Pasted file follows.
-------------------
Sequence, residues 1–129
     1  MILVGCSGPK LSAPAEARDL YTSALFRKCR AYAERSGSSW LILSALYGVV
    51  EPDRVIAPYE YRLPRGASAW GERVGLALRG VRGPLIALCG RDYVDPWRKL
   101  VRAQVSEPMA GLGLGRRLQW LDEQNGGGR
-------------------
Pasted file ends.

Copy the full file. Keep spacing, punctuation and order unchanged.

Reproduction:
Sequence, residues 1–129
     1  MILVGCSGPK LSAPAEARDL YTSALFRKCR AYAERSGSSW LILSALYGVV
    51  EPDRVIAPYE YRLPRGASAW GERVGLALRG VRGPLIALCG RDYVDPWRKL
   101  VRAQVSEPMA GLGLGRRLQW LDEQNGGGR